issue 21 :: March 2012

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Review: Jandek

Houston Concert at Menil Collection, 17 December 2011

After some fifty performances in the past seven years, some available on CD and DVD, the sense of mystery of the Jandek project should be gone by now. But it lives on. Many people have talked with the man behind the name privately, but still no interviews or biographical press information. I assume the mystery is what pulled maybe two hundred people to the Menil to see the unconventional singer and guitarist in a rare solo show in his home town. A half dozen people seated around me, either much older or younger than me, fled half way through what I thought was a moving, haunting, wonderful experience. Seemingly, the mystery wasn't strong enough to fight the average person's aversion to new music.
One of my favorite art museums, the Menil devotes a quarter of its viewing space to an excellent permanent collection of Surrealism, including masterpieces by Max Ernst, Giorgio de Chirico and Yves Tanguy. The Jandek concert, sponsored by Nameless Sound, whose concerts thankfully spill over to Austin, was in conjunction with a Menil exhibit on “Outsider Art.” While I admit Jandek is outside of many things, I don't feel I am seeing an outsider artist when I am stuck 150th in line to see him perform. But maybe the hyper-specialization of Internet discourse has changed the notion of Outsider Art.
Regardless, I was there for the music, and to settle the mystery of what he would do at this show, having seen him twice before in Austin. Originally planned to be held outside, could he play some of the modernist sculptures on the Menil grounds? Would he play guitar? Piano? Bass? Synthesizer, harmonica, sing, speak?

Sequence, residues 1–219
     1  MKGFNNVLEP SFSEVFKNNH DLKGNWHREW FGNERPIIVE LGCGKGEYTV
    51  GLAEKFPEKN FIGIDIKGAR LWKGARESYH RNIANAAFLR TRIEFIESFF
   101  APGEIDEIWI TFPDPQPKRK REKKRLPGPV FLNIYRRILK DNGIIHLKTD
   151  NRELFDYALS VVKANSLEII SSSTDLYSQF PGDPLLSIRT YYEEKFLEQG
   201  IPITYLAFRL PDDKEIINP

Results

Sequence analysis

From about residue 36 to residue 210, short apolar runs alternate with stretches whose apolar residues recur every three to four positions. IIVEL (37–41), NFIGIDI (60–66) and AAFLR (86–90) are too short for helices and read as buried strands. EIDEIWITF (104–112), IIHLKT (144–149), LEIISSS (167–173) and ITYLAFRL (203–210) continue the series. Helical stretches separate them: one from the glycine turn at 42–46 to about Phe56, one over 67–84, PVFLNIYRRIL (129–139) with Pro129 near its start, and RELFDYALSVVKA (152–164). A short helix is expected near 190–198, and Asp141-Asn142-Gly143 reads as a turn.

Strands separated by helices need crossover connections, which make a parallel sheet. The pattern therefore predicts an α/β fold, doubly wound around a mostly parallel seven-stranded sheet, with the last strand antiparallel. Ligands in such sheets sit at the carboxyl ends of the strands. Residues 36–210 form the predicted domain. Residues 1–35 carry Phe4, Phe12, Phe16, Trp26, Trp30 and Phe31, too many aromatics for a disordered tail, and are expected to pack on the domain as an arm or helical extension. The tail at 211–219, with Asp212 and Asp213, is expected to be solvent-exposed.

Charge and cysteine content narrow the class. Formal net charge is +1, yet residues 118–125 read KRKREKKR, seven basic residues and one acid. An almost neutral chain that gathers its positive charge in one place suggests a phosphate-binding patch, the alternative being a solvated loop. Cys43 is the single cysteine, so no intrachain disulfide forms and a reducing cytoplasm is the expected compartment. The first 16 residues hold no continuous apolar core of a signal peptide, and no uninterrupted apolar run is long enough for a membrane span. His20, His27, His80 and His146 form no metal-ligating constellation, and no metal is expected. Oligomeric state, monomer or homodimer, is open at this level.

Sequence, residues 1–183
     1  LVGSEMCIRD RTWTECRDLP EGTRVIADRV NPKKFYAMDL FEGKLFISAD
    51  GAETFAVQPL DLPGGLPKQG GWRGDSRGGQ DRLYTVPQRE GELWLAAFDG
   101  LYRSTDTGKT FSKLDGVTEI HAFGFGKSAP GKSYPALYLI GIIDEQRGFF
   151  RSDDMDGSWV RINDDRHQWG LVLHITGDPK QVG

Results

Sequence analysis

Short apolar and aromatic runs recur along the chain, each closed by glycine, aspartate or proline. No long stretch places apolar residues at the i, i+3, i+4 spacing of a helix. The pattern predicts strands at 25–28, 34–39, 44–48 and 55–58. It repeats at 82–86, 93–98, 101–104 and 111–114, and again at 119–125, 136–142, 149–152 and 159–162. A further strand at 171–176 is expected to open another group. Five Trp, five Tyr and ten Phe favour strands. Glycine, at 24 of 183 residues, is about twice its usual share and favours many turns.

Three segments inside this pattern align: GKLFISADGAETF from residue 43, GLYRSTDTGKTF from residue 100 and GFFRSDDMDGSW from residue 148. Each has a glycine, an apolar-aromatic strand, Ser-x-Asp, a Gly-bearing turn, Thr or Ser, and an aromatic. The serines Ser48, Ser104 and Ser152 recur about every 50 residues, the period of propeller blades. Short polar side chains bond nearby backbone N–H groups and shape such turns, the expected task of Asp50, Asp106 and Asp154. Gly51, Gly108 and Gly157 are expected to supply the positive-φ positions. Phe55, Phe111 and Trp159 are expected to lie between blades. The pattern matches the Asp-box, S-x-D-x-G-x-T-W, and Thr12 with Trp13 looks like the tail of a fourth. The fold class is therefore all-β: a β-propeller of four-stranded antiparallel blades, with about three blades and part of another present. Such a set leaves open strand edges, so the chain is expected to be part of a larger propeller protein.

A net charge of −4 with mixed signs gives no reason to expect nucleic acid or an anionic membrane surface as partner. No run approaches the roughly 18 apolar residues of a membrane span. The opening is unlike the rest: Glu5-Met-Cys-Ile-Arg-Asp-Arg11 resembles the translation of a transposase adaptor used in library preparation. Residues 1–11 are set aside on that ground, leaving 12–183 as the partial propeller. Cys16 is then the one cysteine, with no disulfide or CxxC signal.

In front of Walter De Maria's long yellow rectangle “The Color Men Choose When They Attack the Earth” (“Think about the color of construction equipment” an elder docent offered, unsolicited, after the show), which was not part of the Outsider Art exhibit, the tall man, dressed in black, slowly walked out, and placed two guitar cases on the stage. He opened a note book, placed it in front of the lone chair, and sat down.
He spoke “I am going to tell you a story, two stories: 'The Door' and 'The Red Tree.'” The stories, really one Kafka-like parable, the first about a door, perfect—for him!—that becomes progressively harder to find as the story slowly grows. The other, even wispier of a tale, was about a red tree, also perfect, that he finds behind the door. The storytelling was slow and deliberate, in a soothing clam voice, seemingly memorized despite the open notebook in front of him; he would have had to have the eyes of a hawk to read at that distance. “The Door” started so vague, I wondered how long it would be, where the story would go. Would it be an hour length spoken word piece? But “The Red Tree” stopped abruptly, as some dreams end.
Leaving the chair, he opens one of the guitar cases and lifts out a nice acoustic guitar. Strumming it zither-like, often just one ringing discordant chord, he began to sing “Johnny Dupree is a loner, walking all over town... No one loved her like he did.” The voice, the song, could have been from an early Jandek LP, strangely unique and plaintive. After introducing the character, Johnny Dupree (J.D. = Jan Dek?), the next eight songs are first person ruminations on secret love, unknown love, broken love, obsessive love. “I know I'll never find my love again,” he sings, the clanging chords strummed and brushed a dozen different ways. Were these songs all from Dupree's view, or perhaps from the people meets in life?
The ninth song ends. He packs up the guitar and leaves the stage, ignoring the waves of great applause.
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